Do We Do Enough To Support Our Minds?

by Ned Moriarty 0

March 09th, 2018 Lifestyle, Mental Health

The purpose of this article is to highlight the issues of mental health within sport and how the current support systems can be improved. We spend hours in the pool and on land training our bodies to be the best that we can, but do we pay enough attention to the biggest influence on our performance, our mind-set and how we and others around us are feeling?

Swimming or competing in any competitive sport can be a very regimental lifestyle, a little bit like being in the army. You get up at a specific time each day, eat, go to practice, recover, go home or to school and do it all again in the afternoon and the next day. You are used to following directions and being surrounded by the same people, you are in your own little bubble with not a lot of time for anything else in your life. So, what happens when this all stops or you’re not performing at your best. It can all become overwhelming and before you realise it you’re in the deep-end.

A great example of how the current system is failing to support its athletes and the effects of mental health is Michael Jamieson, who along with other athletes such as Michael Phelps are helping to change the face of mental health within sport by talking about their experiences.

In 2008 Michael Jamieson was about to turn 20, and in his mind he was nowhere near the standard he wanted to be. So, he moved to Paris with Fred Vergnoux where he started to make really good progress. “He’s an amazing coach and super passionate about supporting his athletes, and I loved how hard the program was,” said Jamieson.

Jamieson was aware he seemed to have really aggressive mood swings and states he went “from feeling like I had the best job in the world to feeling completely empty, without purpose.” However, he thought it was controllable and stuck it out till 2012 despite the ‘mood swings’ getting worse.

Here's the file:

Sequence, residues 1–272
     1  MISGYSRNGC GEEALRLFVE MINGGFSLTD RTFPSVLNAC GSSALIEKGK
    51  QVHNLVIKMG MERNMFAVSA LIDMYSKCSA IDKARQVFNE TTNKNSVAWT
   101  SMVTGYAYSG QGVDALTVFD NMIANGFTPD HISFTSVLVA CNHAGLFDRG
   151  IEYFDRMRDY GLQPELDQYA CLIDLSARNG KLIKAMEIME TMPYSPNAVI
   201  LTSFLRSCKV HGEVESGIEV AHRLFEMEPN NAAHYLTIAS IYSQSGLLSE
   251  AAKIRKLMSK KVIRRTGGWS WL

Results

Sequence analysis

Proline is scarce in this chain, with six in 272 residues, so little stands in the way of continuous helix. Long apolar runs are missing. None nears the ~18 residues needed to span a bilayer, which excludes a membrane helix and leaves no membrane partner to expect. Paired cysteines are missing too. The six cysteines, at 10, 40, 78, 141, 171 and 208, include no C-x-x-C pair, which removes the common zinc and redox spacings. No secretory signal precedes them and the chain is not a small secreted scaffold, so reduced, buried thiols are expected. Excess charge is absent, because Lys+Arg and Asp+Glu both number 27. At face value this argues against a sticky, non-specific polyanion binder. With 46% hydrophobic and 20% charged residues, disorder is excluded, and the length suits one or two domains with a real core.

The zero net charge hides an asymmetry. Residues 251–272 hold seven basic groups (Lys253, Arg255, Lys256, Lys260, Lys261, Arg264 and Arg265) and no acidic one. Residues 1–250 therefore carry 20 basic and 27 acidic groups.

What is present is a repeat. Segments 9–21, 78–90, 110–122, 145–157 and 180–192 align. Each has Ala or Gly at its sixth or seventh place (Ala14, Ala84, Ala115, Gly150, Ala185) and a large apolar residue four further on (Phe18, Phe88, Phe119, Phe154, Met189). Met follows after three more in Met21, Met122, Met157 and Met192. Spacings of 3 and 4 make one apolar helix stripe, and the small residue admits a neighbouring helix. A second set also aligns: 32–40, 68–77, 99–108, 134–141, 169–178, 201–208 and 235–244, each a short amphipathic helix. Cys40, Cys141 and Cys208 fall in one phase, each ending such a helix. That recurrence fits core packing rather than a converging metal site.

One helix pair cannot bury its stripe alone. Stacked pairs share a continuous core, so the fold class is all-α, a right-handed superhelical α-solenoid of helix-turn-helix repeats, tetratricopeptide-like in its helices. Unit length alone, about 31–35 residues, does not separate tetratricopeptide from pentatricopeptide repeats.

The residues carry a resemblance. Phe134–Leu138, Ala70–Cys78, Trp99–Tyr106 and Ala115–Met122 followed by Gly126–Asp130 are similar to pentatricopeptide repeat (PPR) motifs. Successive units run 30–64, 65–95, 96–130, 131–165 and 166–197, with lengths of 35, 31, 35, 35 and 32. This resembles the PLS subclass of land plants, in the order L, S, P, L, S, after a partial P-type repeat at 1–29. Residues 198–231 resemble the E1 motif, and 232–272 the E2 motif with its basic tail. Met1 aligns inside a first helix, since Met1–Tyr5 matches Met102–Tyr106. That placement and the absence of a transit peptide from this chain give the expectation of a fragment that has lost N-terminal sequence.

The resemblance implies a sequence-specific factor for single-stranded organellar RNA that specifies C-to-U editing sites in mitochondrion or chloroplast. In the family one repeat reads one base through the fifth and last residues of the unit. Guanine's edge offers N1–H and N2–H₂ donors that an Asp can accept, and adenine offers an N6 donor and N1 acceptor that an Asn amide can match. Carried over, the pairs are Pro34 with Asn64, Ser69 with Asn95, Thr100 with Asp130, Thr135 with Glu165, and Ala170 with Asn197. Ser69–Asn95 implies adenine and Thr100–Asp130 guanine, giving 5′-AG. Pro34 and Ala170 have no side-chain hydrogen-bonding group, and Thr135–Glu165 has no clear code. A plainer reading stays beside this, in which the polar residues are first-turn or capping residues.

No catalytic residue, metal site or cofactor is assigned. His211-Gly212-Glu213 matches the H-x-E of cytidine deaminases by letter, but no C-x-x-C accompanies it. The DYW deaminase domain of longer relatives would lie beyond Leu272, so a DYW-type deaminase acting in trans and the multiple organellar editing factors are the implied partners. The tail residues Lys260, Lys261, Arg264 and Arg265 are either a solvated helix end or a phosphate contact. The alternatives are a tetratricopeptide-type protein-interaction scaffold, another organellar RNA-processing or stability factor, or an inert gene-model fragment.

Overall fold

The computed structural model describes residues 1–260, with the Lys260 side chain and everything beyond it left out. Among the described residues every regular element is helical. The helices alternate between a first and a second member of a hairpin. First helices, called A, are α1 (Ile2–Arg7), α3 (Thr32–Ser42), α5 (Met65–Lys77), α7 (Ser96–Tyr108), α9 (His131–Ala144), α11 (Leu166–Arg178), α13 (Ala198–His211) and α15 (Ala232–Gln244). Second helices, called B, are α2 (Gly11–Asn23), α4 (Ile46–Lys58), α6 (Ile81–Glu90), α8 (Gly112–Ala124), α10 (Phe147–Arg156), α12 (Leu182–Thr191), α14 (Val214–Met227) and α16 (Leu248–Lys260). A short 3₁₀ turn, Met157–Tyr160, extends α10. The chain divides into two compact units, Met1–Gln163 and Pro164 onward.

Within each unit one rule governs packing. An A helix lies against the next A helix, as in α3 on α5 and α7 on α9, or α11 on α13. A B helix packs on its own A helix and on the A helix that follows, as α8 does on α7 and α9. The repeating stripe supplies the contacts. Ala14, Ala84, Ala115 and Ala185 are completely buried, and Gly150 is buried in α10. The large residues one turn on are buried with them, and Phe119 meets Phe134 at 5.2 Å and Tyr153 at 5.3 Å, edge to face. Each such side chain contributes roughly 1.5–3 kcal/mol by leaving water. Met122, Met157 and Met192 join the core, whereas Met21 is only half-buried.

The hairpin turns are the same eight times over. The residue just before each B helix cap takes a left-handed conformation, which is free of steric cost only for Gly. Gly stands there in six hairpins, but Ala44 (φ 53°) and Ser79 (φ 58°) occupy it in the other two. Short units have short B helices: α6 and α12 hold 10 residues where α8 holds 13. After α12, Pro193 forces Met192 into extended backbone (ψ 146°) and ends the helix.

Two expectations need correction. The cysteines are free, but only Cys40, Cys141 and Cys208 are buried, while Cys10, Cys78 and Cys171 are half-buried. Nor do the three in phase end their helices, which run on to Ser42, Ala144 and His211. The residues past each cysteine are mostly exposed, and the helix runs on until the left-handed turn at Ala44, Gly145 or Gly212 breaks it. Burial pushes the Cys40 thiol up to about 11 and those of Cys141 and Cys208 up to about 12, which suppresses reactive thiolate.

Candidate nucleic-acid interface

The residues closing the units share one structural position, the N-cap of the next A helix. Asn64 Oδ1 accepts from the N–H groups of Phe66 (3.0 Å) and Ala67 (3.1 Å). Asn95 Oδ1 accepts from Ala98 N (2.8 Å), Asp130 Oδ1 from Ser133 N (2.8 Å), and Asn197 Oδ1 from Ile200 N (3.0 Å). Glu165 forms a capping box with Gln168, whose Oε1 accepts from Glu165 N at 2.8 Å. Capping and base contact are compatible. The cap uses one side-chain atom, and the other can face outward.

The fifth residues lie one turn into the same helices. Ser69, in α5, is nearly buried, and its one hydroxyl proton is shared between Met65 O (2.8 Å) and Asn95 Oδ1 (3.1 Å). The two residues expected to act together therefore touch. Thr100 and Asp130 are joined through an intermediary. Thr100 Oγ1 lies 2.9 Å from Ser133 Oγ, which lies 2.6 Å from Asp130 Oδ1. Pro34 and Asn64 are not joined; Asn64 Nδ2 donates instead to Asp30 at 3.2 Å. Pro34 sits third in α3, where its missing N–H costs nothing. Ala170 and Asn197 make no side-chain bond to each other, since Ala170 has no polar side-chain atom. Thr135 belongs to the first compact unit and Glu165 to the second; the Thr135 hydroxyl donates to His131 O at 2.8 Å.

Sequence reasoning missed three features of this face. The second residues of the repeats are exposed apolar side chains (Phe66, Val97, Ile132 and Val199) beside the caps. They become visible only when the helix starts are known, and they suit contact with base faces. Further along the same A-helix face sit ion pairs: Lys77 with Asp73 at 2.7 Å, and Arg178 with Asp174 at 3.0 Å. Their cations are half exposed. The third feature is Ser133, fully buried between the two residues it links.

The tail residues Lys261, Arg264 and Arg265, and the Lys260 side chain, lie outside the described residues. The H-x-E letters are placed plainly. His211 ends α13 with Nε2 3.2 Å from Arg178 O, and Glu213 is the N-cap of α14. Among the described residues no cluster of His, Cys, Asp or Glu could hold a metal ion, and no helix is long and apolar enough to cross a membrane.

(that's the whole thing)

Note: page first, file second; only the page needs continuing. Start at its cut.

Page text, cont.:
It wasn’t till after London 2012 Olympics which saw Jamieson take silver in the men’s 200 breaststroke when his mental state felt like it was out of control. Jamieson stated, “After 2012 I felt a lack of association, emotion, purpose. Relationships suffered, friendships were lost, and it was exhausting to be emotionally presentable in social situations. The fear and guilt of negatively impacting others was eating me; so, I retreated further.”

Jamieson overcame his negative mind-set in an extreme way by travelling to South America on a yoga and meditation retreat with a bag full of self-help books. “Yoga and meditation helped create space in my head and helped me develop and build on an identity outside of the pool. I’ve never been happier or more comfortable than now” said Jamieson.

WHY IS SPORT SO CUTTHROAT?

UK Sport give Performance Directors and thus head coaches their annual budget based on medal opportunities/potential and reward them with bonuses and increased funding if they meet and exceed these targets. If an athlete is no longer regarded as having medal potential, they will no longer be supported by the business.

IN AN INTERVIEW WITH MICHAEL JAMIESON HE WAS ASKED:

WHAT IS WRONG WITH THE SPORT AND ARE WE DOING ENOUGH TO SUPPORT ATHLETES?

“No. Nowhere near enough. Athletes are commodities. How many athletes have been told that they’re not ‘on the performance curve’ at 24/25/26…lots. The nature of sport is progression & development & aspirational performance. There will always be another talented individual chasing your spot. It’s primal and it’s why we love sport.”